In December 2014, a Houston man named Andrew Lee Williams struck and killed a 49-year-old mother and grandmother with his vehicle as she jogging along a street in Angelton, Brazoria County. He was convicted of vehicular manslaughter in May 2016 and sentenced to 60 years in prison. The stiff sentence was imposed because prosecutors charged that Williams was intoxicated when the crash occurred and because he had two prior felony convictions.
Williams and his vehicle were located shortly after the crash. Believing him to be intoxicated, the police obtained a search warrant to collect a sample of his blood. That blood sample was sent to two different labs for testing. The first lab to test the sample was the Brazoria County Crime Lab and the second was an independent forensic laboratory in Pennsylvania named NMS Labs. Brazoria County crime lab analyst Sam Wylie found a marijuana derivative in Williams’ blood while the NMS lab found derivatives of methamphetamine in Williams’ blood.
The prosecution decided to present its intoxication evidence without the use of in-court testimony. Instead the prosecution would rely upon an affidavit from Dr. Wendy Adams, an assistant lab director with NMS.
Certificate of Analysis is Admissible Without Timely Objection
This evidentiary procedure is permissible under Art. 38.41 of the Texas Code of Criminal Procedure so long as the prosecution give the trial court pretrial notice of its intent to do so.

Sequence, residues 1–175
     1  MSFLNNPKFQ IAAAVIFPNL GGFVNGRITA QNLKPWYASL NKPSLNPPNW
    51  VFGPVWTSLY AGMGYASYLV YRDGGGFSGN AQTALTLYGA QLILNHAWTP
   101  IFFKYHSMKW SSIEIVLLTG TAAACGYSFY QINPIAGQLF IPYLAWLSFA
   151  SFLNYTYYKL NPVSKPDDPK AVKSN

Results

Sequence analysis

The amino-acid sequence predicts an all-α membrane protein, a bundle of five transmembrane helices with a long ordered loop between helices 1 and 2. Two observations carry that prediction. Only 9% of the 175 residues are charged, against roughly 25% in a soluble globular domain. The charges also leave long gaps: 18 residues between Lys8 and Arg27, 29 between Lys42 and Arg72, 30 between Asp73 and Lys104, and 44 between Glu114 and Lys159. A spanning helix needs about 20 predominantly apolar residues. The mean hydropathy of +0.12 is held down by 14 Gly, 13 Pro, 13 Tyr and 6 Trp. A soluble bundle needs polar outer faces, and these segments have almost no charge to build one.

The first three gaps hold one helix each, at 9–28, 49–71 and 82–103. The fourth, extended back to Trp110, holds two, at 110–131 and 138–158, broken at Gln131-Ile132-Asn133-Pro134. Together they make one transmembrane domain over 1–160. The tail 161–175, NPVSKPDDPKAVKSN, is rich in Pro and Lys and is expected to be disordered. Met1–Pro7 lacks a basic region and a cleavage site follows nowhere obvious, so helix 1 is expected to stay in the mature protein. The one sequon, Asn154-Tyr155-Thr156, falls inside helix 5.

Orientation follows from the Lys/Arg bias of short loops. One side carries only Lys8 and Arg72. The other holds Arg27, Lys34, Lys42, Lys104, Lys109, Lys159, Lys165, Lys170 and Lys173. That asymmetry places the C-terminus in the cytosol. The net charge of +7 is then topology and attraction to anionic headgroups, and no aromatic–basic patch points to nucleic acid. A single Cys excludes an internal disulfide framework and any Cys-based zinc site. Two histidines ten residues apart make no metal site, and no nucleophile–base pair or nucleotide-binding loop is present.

In this case the prosecution gave the court a 50-day pretrial notice that it would rely on the NMS lab report via a “certificate of analysis.”
The prosecution attached to its certificate of analysis an affidavit by Dr. Adams.
In an October 19, 2019 decision, the Texas Court of Criminal Appeals (“CCA”) spelled out the contents of the Adams affidavit:
“ … (1) Adams is employed by NMS Labs; (2) NMS is accredited by the American Board of Forensic Toxicology; (3) Adams is familiar with NMS’s standard operating procedures; (4) Adams’s duties as an Assistant Laboratory Director include the analysis of evidence ‘for one or more law enforcement agencies’; (5) Adams’s curriculum vitae, which was attached to the affidavit, accurately reflected her educational background; (6) she had ‘reviewed the data from the tests or procedures on the toxicological evidence’ from Williams’s case; and (7) the attached lab report represented ‘an accurate record of the tests or procedures performed on the . . . evidence received by this laboratory and are reliable and approved by NMS Labs’.”
The prosecution also attached to its notice/certificate fifteen pages of material concerning NMS’s manner of analysis of Williams’ blood sample. The prosecution, however, offered no evidence that Dr. Adams either personally conducted or was in anyway personally involved in the blood analysis process. The issue of intoxication thus rested exclusively on the certificate of analysis through Dr. Adams’ affidavit.
As a general rule, a criminal defendant has a right under the Confrontation Clause of the Sixth Amendment to insist that anyone making a “testimonial” statement, such as Dr. Adams’ affidavit, be required to personally testify in court so that the defendant may confront and cross-examine the witness.
“Notice and Demand” Statutes